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The Future of Paper Calendars

Kim Baldwin

photo credit: AFBF Photo, Dylan Davidson

One of my annual routines to kick off a new year is to replace our big family calendar that is posted in our mudroom and begin filling it out. Our local insurance agent provides the huge month-at-a-glance calendar every December and it’s one of the first things I give my attention to at the start of the year.

While my family keeps a shared digital calendar we can edit and refer to on our phones, computers, watches and tablets, our big paper calendar posted on the wall also serves an important role.

My parents and grandparents always had multiple paper calendars on display in their homes. These calendars were never purchased but gifted prior to Christmas from some of the local businesses my family frequented.

I often reflect on how the processes and procedures utilized by my parents and grandparents impact how I operate today.

It was always exciting to flip through the calendars provided to us by our feedstore, bank, local livestock sale barn and insurance agency to see either the landscapes of nature or funny farm and ranch cartoons that had been put together in a monthly sequence.

Every bathroom and bedroom wall had a calendar on display and there was always at least one calendar posted in the garage. Our farm truck also had a small calendar stuck either to the dashboard or the driver’s side sun visor annually. But the most important calendar was always posted in the kitchen within reach of the wall-mounted landline telephone.

That kitchen calendar was half the size of my current behemoth of a month-at-a-glance calendar, but it was always able to clearly contain all of the important information added to it.

Birthdates, game schedules, meetings, 4-H and school events filled the pages of that kitchen calendar.

Aside from important upcoming dates to remember, notes would be added to that calendar throughout the year as well. Rain and snowfall totals were penciled in throughout the year. Additional notes of when the bulls were turned out with the cows, when a calf was born, when the cattle were moved to another pasture or when the first cutting of alfalfa was baled were also noted.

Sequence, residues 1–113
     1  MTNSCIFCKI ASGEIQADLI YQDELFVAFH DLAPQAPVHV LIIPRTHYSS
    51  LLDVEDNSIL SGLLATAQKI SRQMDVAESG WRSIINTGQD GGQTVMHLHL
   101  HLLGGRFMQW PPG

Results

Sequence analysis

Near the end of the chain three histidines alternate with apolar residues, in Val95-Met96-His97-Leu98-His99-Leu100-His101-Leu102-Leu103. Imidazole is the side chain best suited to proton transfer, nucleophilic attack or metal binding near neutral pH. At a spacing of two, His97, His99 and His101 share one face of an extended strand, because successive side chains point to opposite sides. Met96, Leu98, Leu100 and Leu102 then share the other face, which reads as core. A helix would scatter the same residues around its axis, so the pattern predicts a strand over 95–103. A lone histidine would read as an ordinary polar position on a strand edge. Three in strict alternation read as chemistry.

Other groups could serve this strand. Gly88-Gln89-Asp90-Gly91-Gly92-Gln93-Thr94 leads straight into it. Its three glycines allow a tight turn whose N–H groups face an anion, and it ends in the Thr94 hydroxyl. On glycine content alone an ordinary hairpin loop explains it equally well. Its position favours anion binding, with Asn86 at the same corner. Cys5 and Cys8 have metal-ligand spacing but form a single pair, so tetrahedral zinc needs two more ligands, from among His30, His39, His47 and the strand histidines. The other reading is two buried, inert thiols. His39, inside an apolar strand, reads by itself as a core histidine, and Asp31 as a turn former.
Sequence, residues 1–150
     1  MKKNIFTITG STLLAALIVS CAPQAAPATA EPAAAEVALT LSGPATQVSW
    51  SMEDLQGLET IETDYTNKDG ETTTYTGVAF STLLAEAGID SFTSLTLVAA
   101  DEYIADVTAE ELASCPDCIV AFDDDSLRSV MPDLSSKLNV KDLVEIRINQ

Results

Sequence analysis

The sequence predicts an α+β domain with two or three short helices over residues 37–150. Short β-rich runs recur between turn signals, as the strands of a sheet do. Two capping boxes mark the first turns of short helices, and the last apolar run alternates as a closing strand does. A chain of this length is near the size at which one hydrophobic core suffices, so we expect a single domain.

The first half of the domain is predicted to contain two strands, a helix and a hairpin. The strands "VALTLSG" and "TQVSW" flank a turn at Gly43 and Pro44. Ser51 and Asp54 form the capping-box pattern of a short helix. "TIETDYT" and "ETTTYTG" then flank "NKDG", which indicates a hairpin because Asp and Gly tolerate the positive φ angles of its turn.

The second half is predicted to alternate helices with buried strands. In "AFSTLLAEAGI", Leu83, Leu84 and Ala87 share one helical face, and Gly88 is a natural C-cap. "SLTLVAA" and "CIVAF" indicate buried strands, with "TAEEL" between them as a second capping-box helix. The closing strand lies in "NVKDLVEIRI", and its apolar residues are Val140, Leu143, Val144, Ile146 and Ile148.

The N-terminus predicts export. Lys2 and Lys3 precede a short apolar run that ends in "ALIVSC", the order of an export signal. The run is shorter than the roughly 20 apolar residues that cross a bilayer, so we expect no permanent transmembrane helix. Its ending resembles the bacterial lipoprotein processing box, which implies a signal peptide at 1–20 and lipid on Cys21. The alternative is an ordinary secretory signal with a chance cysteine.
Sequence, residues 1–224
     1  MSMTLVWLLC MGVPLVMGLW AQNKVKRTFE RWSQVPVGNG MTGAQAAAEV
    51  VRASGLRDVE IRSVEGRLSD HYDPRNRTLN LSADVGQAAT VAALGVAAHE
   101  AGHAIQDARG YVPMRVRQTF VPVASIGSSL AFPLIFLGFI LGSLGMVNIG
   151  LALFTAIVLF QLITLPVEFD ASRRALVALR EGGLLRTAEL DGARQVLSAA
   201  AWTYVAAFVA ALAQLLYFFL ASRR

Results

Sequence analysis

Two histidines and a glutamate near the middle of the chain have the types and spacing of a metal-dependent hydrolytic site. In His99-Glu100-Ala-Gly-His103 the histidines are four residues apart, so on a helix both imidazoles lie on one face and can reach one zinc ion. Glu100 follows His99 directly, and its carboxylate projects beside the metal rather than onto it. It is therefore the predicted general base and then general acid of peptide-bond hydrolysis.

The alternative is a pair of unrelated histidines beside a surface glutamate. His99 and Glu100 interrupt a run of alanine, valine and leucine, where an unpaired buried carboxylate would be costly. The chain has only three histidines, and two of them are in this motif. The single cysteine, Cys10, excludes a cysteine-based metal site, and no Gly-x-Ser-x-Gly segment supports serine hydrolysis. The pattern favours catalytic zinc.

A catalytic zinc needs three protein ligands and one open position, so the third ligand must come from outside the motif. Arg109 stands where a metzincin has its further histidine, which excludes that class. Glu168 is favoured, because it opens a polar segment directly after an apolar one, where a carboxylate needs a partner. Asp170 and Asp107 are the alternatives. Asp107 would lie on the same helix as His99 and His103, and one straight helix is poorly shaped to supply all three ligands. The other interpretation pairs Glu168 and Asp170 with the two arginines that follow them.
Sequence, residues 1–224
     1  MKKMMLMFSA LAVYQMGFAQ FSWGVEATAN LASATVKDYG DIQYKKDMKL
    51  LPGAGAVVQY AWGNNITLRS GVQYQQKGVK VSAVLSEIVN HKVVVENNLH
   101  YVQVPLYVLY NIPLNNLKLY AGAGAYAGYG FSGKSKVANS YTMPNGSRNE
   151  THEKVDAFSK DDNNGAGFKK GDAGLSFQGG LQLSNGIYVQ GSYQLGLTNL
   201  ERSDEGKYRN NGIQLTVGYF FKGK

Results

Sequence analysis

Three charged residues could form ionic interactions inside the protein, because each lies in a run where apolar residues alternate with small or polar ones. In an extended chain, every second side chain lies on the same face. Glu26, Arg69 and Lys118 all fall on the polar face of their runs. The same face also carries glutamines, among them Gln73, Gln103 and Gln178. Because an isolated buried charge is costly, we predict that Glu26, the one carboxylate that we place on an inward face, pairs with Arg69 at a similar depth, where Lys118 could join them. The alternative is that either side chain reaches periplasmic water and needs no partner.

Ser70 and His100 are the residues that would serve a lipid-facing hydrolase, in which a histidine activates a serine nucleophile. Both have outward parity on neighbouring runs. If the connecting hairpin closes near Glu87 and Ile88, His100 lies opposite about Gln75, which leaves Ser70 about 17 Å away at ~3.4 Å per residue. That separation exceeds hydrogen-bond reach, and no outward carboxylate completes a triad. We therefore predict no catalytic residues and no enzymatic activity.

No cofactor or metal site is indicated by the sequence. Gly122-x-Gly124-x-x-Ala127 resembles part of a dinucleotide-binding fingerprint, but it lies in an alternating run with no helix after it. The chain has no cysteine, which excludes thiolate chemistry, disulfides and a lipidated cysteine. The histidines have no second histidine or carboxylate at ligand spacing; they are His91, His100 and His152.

We always knew when we had planted our sweetcorn in our garden or when we had received our allotted irrigation water because it was always written down on that kitchen calendar.

It was truly a historical document that captured so much information during a given year. Both my parents and grandparents would file those kitchen calendars at the end of every year in a place that was easily accessible so they could make quick references or previous year comparisons.

I think back and wonder if that’s why, even in this digital age, I still keep a paper calendar in our house. While our calendar isn’t utilized the same way as when I was a kid, it is still present, referred to and edited throughout the year. However, at the end of each month, the page is removed and disposed of instead of kept and filed away.

I’ve caught myself referring to photos on my cellphone to identify the dates of previous popcorn harvests. Facebook memories help me remember the dates we started harvesting wheat in different years. An app we subscribe to quickly provides rain and snowfall totals for us.

I often reflect on how the processes and procedures utilized by my parents and grandparents impact how I operate today. As I removed the final page of my 2023 calendar and replaced it with my 2024 calendar, I wondered if my children will eventually use a displayed paper calendar in their homes based on how we utilize ours in this day and age.

Kim Baldwin is a farmer and Farm Bureau member in Kansas. She is a past president of her county Farm Bureau (McPherson) and current board member. This column was originally published as a Kansas Farm Bureau Insight column.